Home » General » Health and Social Woe Herbalists Hit Gweru

SELF-PROCLAIMED herbalists who claim to ‘cure’ social and health problems, including HIV, winning the lotto and fending off tokoloshis, have hit the city of Gweru.

Distributors of flyers highlighting the healers’ various areas of specialisation can be seen at every corner in the Midlands capital.

The herbalists claim to heal an assortment of problems from serious health issues such as HIV and AIDS, sexually transmitted illnesses (STIs) and diabetes to social problems like broken relationships and promotion at work.

One such ‘healer’, who calls himself Dr Wakho in one of his flyers, promises potential clients “100 percent safe and guaranteed results”.

Dr Wakho, who says he comes from Kilimanjaro, has his mobile number on the flyers though a physical address for his “practice” is conspicuous by its absence.

And, just like other professionals, the herbalist is available between 8am and 5:30pm during weekdays and from 8am to 2pm on Saturday. He can also help Sundays and public holidays through appointment.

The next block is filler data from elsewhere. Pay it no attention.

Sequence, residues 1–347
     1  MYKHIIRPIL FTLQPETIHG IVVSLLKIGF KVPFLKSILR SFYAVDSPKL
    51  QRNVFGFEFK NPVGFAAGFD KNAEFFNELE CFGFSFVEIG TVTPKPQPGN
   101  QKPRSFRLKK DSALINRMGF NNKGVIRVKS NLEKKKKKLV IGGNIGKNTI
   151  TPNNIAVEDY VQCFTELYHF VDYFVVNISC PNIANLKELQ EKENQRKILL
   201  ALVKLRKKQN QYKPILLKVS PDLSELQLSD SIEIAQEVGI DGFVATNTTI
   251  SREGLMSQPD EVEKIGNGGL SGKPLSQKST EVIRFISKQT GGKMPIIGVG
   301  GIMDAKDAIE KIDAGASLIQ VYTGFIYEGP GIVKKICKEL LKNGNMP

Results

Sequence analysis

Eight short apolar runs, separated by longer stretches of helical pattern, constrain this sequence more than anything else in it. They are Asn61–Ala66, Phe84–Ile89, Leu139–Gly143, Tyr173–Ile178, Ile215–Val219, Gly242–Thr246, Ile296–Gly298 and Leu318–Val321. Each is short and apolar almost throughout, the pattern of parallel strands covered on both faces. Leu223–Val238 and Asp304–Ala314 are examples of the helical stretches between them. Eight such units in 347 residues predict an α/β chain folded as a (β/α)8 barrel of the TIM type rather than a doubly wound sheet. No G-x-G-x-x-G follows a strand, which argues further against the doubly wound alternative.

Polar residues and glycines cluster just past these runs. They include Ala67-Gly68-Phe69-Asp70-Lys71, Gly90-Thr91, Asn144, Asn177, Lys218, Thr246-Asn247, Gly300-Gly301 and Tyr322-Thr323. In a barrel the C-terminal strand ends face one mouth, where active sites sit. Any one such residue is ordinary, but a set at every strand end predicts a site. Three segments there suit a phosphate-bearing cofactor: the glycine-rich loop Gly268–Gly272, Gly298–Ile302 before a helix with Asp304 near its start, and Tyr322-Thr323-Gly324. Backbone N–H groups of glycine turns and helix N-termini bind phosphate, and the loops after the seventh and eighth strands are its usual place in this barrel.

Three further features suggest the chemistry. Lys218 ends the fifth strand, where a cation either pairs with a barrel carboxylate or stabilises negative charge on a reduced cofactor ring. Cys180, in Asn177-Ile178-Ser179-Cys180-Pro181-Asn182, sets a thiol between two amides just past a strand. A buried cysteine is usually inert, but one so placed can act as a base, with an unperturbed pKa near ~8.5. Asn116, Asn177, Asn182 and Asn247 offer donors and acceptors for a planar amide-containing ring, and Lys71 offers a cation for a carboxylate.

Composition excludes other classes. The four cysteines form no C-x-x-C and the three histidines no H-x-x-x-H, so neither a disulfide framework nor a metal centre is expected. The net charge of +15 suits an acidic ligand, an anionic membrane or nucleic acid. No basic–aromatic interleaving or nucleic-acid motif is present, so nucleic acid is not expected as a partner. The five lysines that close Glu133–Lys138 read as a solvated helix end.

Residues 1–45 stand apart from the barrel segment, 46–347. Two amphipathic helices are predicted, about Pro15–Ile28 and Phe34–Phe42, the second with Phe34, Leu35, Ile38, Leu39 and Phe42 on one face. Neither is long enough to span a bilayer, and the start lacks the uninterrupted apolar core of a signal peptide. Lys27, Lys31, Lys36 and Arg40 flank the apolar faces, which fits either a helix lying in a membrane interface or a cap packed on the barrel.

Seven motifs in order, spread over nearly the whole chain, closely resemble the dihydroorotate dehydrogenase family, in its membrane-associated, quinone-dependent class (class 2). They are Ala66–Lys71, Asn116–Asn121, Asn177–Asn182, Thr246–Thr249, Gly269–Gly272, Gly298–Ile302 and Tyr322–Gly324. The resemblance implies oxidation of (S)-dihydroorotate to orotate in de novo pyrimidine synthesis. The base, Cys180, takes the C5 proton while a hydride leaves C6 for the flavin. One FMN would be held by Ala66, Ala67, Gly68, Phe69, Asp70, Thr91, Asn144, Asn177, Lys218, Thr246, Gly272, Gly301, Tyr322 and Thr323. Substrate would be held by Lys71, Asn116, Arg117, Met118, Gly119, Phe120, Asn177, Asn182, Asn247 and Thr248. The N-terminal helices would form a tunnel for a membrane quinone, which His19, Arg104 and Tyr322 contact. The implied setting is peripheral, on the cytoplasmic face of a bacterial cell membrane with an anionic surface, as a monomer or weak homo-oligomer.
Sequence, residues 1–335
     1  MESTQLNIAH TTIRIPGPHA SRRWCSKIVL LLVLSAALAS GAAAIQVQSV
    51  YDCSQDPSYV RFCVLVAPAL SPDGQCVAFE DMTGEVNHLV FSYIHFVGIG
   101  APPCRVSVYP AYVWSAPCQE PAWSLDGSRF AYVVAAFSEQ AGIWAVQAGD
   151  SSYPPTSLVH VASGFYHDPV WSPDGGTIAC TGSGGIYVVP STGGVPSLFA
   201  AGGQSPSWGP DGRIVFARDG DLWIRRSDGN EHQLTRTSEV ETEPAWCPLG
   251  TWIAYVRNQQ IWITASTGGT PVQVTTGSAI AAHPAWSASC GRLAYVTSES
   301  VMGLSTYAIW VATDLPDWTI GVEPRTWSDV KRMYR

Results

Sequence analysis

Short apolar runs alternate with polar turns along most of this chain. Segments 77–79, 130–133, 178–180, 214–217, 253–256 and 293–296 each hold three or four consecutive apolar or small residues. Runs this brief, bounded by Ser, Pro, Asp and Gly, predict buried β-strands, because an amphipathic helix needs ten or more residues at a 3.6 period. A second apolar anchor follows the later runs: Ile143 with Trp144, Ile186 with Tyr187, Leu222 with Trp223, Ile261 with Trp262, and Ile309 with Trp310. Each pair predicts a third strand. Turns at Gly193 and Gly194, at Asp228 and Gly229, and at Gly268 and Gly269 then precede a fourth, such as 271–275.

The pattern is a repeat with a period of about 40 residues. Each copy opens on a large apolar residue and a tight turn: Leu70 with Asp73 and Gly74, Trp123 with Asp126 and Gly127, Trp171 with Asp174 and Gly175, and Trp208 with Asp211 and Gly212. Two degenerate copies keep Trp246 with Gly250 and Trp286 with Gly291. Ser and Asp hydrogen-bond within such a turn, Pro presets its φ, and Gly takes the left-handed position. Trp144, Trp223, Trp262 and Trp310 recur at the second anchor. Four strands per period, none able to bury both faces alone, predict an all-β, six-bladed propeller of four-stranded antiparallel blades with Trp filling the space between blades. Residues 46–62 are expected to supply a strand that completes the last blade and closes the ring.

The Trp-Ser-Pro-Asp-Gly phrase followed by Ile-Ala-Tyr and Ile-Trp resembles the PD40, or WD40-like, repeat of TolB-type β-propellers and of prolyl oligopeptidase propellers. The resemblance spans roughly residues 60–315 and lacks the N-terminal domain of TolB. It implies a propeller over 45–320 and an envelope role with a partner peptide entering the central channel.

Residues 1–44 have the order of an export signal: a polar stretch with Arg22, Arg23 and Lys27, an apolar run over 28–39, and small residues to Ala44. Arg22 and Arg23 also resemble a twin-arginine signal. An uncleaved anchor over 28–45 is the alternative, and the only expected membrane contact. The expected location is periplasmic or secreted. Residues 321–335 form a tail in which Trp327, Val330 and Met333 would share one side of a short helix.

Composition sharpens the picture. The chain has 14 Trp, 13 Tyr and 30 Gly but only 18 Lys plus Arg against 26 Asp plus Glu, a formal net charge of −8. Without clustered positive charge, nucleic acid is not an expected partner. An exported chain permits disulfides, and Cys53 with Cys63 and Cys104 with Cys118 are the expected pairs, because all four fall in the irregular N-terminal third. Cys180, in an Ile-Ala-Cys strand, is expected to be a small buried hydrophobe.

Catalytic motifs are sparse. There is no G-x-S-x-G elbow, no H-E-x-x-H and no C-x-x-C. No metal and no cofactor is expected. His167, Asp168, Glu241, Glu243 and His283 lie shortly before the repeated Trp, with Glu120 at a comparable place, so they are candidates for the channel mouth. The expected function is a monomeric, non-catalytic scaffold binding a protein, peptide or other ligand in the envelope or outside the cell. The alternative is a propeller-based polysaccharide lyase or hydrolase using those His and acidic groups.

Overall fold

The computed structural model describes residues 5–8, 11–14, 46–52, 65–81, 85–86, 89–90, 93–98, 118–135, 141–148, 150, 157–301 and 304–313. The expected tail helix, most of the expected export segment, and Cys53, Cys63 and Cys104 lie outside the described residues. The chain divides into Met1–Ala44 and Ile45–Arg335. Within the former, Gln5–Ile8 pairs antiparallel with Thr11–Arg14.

“We do home visits and consultations on phone,” Dr Wakho adds.

When NewZimbabwe.com rang the herbalist on mobile number 0783869394, the “doctor” said his consultation fee was $10 per patient, adding that an appointment could be scheduled in the city centre.

Other issues the herbalist claims to solve include attraction of more customers for businesses, winning the lotto and horse betting, winning courts cases, passing exams, pregnancy problems and chasing away tokoloshis.

The herbalist also offers sex booster creams which he claims have no side effects.

However, Gweru-based social scientist, Caven Masuku, warned people against falling prey to bogus healers who claim to offer solutions for their problems.

“It’s better to deal with registered health centres than unknown people whom you might fail to trace when problems arise,” he said.

Masuku said the socio-economic problems that have bedevilled country for more than a decade were forcing desperate people to seek solutions “unfortunately in dubious corners”.

Source : New Zimbabwe

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